This Sunday will be the last issue of the News of the World.
Shutting down News of the World should not be an excuse to avoid a full scale investigation across all its media outlets. After all, News of the World is not the only paper facing hacking allegations; News Corp.'s The Sun is also alleged to have hacked into the voicemails of a prominent public figure.
And the rumors that News Corp. is moving The Sun to a seven-day operation provides further evidence that News Corp. is just trying to hide from full accountability of the misdeeds throughout their organization.
After all, while James Murdoch's statement touts News Corp.'s efforts to "examine past failings," he failed to mention that the head of News Corp.'s woefully inadequate previous internal investigation, Murdoch crony and then executive chairman of News Corp.'s newspapers in Britain Les Hinton -- who found no evidence of widespread wrongdoing within the company -- remains a Murdoch confident and serves as CEO of the Dow Jones company, which publishes the Wall Street Journal. Additionally when Murdoch was asked in May if he could assure Americans that there won't be any hacking by the New York Post, Murdoch responded that he had "nothing to say." Hardly the words of an organization eager to accept accountability.
Moreover, this just looks like another attempt for Murdoch to shield another crony, Rebekah Brooks from taking accountability for overseeing the paper at the time of the alleged hacking. Brooks was the editor of News of the World at the time of the alleged hacking of the slain girl's voicemail, but is now one of Murdoch's top lieutenants. Murdoch personally defended Brooks yesterday, and then his News International reportedly tried to laughably say that she was not at fault because she was on vacation at the time if the hacking. But Brooks had previously admitted that under her leadership the paper placed a police detective under surveillance, which she'd reportedly apologized for. Now she's claiming that she was completely ignorant of this subsequent violations of privacy on her watch, and Murdoch defended that behavior as good leadership.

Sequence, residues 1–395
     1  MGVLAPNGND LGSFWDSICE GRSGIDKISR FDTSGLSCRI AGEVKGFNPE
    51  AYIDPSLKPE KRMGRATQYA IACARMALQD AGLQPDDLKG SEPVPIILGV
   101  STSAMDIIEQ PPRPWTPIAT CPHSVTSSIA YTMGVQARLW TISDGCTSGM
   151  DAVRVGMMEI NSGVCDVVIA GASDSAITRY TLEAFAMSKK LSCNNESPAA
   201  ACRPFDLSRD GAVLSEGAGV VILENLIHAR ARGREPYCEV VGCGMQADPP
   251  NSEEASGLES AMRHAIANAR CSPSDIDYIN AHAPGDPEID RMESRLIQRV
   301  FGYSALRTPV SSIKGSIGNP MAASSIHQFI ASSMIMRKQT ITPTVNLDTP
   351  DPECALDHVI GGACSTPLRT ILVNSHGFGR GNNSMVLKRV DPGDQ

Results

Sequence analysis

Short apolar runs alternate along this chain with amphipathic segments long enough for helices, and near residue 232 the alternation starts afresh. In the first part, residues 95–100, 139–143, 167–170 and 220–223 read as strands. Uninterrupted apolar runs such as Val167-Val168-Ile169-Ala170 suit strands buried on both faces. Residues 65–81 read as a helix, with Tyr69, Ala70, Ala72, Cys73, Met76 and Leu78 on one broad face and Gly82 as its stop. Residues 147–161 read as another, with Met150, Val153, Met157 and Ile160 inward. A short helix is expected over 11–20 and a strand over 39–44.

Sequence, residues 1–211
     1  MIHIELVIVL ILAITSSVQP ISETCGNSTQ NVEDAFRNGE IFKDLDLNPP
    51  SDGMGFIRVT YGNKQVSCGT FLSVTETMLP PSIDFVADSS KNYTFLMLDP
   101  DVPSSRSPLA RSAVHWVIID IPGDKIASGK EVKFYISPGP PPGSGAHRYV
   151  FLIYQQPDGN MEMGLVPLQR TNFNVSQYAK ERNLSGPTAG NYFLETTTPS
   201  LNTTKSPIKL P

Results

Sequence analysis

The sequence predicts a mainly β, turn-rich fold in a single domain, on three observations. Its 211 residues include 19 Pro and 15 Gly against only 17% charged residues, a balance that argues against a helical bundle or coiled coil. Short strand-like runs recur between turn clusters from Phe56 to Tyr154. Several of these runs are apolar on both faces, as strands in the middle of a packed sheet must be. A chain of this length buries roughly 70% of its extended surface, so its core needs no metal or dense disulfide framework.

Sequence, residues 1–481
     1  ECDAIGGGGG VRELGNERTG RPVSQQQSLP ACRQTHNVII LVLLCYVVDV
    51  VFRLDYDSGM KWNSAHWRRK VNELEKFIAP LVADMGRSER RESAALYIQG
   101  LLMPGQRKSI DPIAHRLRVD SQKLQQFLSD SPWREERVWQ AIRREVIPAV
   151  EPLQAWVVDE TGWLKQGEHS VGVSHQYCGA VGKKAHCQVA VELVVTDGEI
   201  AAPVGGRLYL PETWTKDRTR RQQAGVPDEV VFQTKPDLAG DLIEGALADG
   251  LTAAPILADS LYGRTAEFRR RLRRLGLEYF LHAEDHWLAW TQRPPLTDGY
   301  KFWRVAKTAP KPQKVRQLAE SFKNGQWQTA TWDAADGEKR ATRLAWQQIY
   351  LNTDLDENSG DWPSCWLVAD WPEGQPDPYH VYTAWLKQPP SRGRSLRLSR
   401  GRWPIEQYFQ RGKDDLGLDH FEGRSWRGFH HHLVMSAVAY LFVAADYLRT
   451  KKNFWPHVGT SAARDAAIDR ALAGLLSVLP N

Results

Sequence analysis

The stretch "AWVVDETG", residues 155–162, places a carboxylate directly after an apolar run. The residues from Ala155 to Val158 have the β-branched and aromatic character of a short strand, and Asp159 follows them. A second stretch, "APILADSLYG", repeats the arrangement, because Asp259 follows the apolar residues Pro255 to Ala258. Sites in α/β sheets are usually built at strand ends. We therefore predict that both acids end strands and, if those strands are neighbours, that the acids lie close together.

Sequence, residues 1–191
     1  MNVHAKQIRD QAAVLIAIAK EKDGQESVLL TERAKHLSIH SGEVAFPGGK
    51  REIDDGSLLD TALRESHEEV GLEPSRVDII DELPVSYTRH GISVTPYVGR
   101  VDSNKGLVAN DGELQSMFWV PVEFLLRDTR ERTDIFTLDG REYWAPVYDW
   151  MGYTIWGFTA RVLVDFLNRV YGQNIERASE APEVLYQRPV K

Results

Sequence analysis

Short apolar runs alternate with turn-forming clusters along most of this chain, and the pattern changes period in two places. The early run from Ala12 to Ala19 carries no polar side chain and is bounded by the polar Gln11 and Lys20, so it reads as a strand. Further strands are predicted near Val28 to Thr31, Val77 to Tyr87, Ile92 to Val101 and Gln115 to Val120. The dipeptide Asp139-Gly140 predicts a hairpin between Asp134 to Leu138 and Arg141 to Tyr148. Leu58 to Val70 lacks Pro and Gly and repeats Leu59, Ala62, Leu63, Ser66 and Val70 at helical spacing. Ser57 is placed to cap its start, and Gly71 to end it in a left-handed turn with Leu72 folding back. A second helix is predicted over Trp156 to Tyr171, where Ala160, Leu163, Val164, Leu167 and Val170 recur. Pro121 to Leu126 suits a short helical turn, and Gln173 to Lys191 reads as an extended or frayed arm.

It's good that News of the World will no longer be able to violate people's privacy, but Murdoch shouldn't be allowed to use this enormous distraction to hide from true accountability for his organization's actions.
From the July 7 edition of NBC's Today:
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From the July 6 edition of Current's Countdown with Keith Olbermann:
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From the July 6 edition of MSNBC's Martin Bashir:
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From the July 6 edition of CNN Newsroom:
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From the July 6 edition of MSNBC's The Daily Rundown:
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In a statement issued today, the Press Complaints Commission of London unanimously condemned News Corp.'s News of the World over the phone-hacking scandal that has sparked outrage across the country.
The PCC, which is charged with reviewing complaints against the press, also renounced its 2009 report on phone hacking that had found News of the World had not misled the commission in an earlier 2007 review of the issue.
The statement is below:
Statement from the PCC on phone hacking following meeting today